A challenge like the coronavirus is unprecedented in modern times. Who would have thought even two weeks ago that we would all be where we are now, with borders closed, city centres in lockdown, and many people facing uncertainty over their jobs and businesses?
Things are changing by the minute, and how long the situation will continue, we don’t know. The daily norms of business, government and education are all being disrupted; there are no precedents or models on which to base decisions. And as the coronavirus spreads, it presents challenges for everyone.
Clearly, it’s only together, as a community, that we will be able to find solutions and fight it effectively. In this post, I’m going to share some of the steps we’ve taken at Indeed, and how we can learn from each other as we make the decisions needed to keep life and work moving as we negotiate this pandemic. More than ever, everyone’s contribution matters.
Moving to 100% remote work
We first took steps on February 7, within several hours of learning that an employee in Singapore was notified that someone in his family might have been exposed to the coronavirus. Out of an abundance of caution, we closed our two Singapore offices and asked all Singapore-based employees to work from home until the 24th. We also shared information about symptoms to look out for and established an email address for communications.
As the situation evolved, so did our response. Knowing that we’re a global company and the risk of COVID-19 exposure only grows as people move from office to office, we at first asked specific employees to work from home, put limitations on business travel, and canceled all near-term Indeed-hosted events, then instructed employees in Sydney and Dublin to work from home. By March 3, when the coronavirus had begun to spread across the globe, we took a big step. We emailed all 10,000 employees and told them to work from home.
It was a difficult decision to make. We had no confirmed cases of COVID-19 among employees and recognized that it would be challenging to many teams and individuals who were not accustomed to working from home. It also required us to make quick yet complex decisions so that we could continue to conduct our business, and support job seekers and employers alike.
Yet we believed that it was the right thing to do; the safety and health of our employees was the driving factor in all the decisions we made about COVID-19. And since then, many other companies have joined us in having their employees work from home. In fact, more people are working remotely this week than they ever have before. Together, we are conducting a grand experiment in how to make this work on an enormous scale.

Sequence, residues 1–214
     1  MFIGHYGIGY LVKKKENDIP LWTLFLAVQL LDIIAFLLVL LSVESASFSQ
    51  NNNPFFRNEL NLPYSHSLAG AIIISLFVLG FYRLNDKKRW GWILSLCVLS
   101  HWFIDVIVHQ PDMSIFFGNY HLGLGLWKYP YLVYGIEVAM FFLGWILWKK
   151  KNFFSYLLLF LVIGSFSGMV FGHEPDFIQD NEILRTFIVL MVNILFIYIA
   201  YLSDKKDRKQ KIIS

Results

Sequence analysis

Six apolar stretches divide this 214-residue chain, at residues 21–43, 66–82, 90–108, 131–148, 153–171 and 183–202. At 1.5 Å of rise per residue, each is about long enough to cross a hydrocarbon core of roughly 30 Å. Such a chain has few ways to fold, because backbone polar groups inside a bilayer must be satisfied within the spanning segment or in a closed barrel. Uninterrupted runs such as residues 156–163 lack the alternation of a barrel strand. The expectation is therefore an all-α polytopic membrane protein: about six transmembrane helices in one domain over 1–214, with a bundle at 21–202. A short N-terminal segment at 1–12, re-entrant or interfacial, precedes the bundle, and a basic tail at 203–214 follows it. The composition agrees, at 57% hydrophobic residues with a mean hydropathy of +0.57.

How we’re supporting employees during this period
Like everybody else, we are still learning how to do business in this new environment. Immediately we found ourselves faced with finding solutions to questions we had never considered before; such as how to change our IT support services from a largely in-person service to a completely virtual system overnight? How to make sure we had the infrastructure in place required to support the increase in virtual meetings? And then there were other questions of an incredibly simple but important nature, such as, who will pick up the mail while we’re out?
Meanwhile we have put in place key practices to support our workforce. These include providing ongoing, open and transparent email updates on COVID-19 and supplying employees with access to our Employee Assistance Program should they feel anxious or isolated and need to talk to someone about their experience. Recently we have also started to offer reimbursable expenses for employees to use to create a comfortable work from home space.
As we navigate these challenges, Indeed will be sharing resources across our channels to help job seekers find work and employers to keep hiring. We have already launched a resource for job seekers, and we will be sharing many more resources and updates from our own experience in the hope that it can be helpful to other firms. Sure, we’ll make mistakes along the way but the crucial thing is that we learn from them, and at a time like this, we can all learn from each other.
No matter the job or industry, we’re all searching for solutions
Of course, we are acutely aware that as a technology company, it is easier for us than for some others to operate in a completely remote work environment.
However, no matter the job or industry, everyone is doing what they can. Many schools, colleges and universities have closed their campuses to prevent the spread of COVID-19, with some opting to continue the semester using online instruction. Retail stores are temporarily shutting their doors, while many restaurant chains are temporarily closing dining or lobby seating in favour of drive-thru ordering or curbside delivery.
Some grocery chains like Metro have reduced their store hours to ensure the best service and product availability for their customers. In the travel industry, online lodging marketplace Airbnb is allowing users to cancel their reservations penalty-free, and Canadian airlines such as WestJet are temporarily adjusting its policies on flight cancellations and changes.
Times like this, when we see everyone pulling together to find ways to stay productive and support each other, remind us of the larger picture; of how closely connected we are, of how much we rely on each other, and how the success of the larger collective depends on the work of many. Together, we can – and we will – beat this.
Paul Wolfe is SVP of Human Resources at Indeed.